Kate: We gave a lot of the stuff to the Salvation Army. We gave away some of our furniture for free on Craigslist. We kept some basics, but most of it is gone.
Roland: Kate’s father was an artist and had 4,000 paintings. We kept about 700, and took the rest to the dump. We had to do that. Even now, we have five crates of his paintings in storage.
TCM: We have talked about a similar leap; selling the house and going full-time in a truck camper. It brings up a lot of challenging emotions.
Kate: The process was terrifying. There were times I was scared and saying, “What are we doing?” We had government dental, health, life insurance, and perks. We had to think about that. The decision came at a cost.
Roland: Kate’s parents went from lucid, to losing their minds and dying within three years. That had us thinking where we’d be ten, fifteen, and twenty years down the road in our own lives.
My uncle retired at 65, and wound up working another year. At 66, he bought a VW Westfalia camping van. Then he came down with pancreatic cancer and died before he could take it on the road.
We are in our late 50s. We plan on living the next part of our lives for ourselves, our spiritual development, and to re-create who we are.
TCM: We have heard these lessons time and time again from fellow truck campers. What brought you to truck camping?
Kate: I tent camped all across North America with my parents while growing up. Roland camped with his family and later with his friends. After we got married, we spent almost two years traveling, camping, and then working at a cabin resort in northern California. We did all this while living in a converted postal van.
In the years that followed, we tented. After a soaking wet tenting experience on the west coast of British Columbia, we decided to say goodbye to the tent and switch to a drier way of camping. We bought a Mitsubishi Delica van, converted it into a camper, and camped in it for a couple of years.
While camping in the Delica van in California, we saw someone with a truck camper next to us. It appealed to us right away because it seemed small, practical, and humble. Neither of us really care for big RVs. Maybe it’s because we have fond memories of our time in our converted postal van. The truck camper seemed similar.
When we decided to sell our home and take to the road, the image of the truck camper in California kept coming back to us. That’s when we started researching them more.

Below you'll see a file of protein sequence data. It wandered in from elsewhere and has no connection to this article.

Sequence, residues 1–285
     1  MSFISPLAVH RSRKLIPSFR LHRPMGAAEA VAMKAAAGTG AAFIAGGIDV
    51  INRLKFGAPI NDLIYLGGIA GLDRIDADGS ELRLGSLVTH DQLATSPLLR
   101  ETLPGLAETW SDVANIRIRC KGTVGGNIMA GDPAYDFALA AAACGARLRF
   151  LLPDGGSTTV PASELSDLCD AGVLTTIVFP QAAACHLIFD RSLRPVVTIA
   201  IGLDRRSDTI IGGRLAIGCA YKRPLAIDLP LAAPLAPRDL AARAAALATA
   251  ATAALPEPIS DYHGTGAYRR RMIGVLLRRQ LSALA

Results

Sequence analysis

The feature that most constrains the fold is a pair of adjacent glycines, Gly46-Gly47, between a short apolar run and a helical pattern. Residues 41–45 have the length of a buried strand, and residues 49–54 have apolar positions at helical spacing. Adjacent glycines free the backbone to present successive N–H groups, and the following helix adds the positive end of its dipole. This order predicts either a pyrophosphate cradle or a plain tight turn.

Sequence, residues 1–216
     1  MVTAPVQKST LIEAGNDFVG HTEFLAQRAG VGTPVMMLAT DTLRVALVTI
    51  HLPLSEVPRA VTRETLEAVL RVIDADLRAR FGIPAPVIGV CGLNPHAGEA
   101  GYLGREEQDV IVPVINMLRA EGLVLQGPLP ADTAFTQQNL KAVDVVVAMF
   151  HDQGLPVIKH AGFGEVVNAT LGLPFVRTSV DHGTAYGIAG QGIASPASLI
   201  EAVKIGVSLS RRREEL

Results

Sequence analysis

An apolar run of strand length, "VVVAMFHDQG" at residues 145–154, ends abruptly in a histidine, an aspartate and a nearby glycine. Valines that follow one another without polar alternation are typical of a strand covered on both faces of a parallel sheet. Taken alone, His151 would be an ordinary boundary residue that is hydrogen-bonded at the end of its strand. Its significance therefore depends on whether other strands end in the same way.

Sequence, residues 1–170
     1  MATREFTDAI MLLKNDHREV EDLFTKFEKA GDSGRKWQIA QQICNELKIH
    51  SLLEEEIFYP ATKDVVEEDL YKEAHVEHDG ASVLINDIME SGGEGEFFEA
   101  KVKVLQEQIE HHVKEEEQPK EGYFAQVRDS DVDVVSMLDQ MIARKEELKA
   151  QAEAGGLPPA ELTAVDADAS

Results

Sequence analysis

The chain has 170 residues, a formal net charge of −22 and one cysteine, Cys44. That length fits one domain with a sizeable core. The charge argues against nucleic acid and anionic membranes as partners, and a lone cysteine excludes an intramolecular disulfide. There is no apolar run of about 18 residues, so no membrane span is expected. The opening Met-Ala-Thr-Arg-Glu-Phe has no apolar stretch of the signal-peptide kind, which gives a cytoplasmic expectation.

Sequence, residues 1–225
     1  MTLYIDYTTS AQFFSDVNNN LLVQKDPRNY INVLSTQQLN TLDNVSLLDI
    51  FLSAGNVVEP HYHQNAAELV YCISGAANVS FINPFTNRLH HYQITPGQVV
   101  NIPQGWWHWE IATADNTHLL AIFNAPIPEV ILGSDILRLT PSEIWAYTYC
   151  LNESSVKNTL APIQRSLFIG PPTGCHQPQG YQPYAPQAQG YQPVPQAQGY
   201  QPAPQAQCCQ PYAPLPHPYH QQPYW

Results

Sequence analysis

Above: Vaseux Lake Provincial Park, British Columbia
TCM: Is that when you discovered Northern Lite?
Kate: During our planning process, I was working and doing my best to stay connected to our new dream. I kept reading and rereading lifestyle stories on Truck Camper Magazine, especially the full-timing articles. We also read Gordon’s camper reviews. If it weren’t for Truck Camper Magazine, we would not be in a truck camper.
As we researched truck campers, Northern Lite kept coming up. I emailed to Keith Donkin, General Manager for Northern Lite, to figure out how big the 8-11 Special Edition was inside. We couldn’t see an 8-11 in person because no dealer had one in stock near us. A dealer later explained to me that the Northern Lite models often sell as fast as they come in.
Coming from the wet coast of Canada, we knew we wanted a clamshell camper with as few seams as possible. Also, we didn’t like the idea of particle board because of moisture issues. Additionally, we like the fact that Northern Lite campers are made in British Columbia and are four season campers.
We also like that Northern Lite only makes truck campers and no other models of RV. We feel this allows Northern Lite to really focus on putting out the best product.
We did a lot of research and watched tons of YouTube videos on truck campers. The Northern Lite models stood out as the best. We also read the TCM Northern Lite reviews and the lifestyle stories featuring other people with Northern Lite campers. That really helped to cement our decision.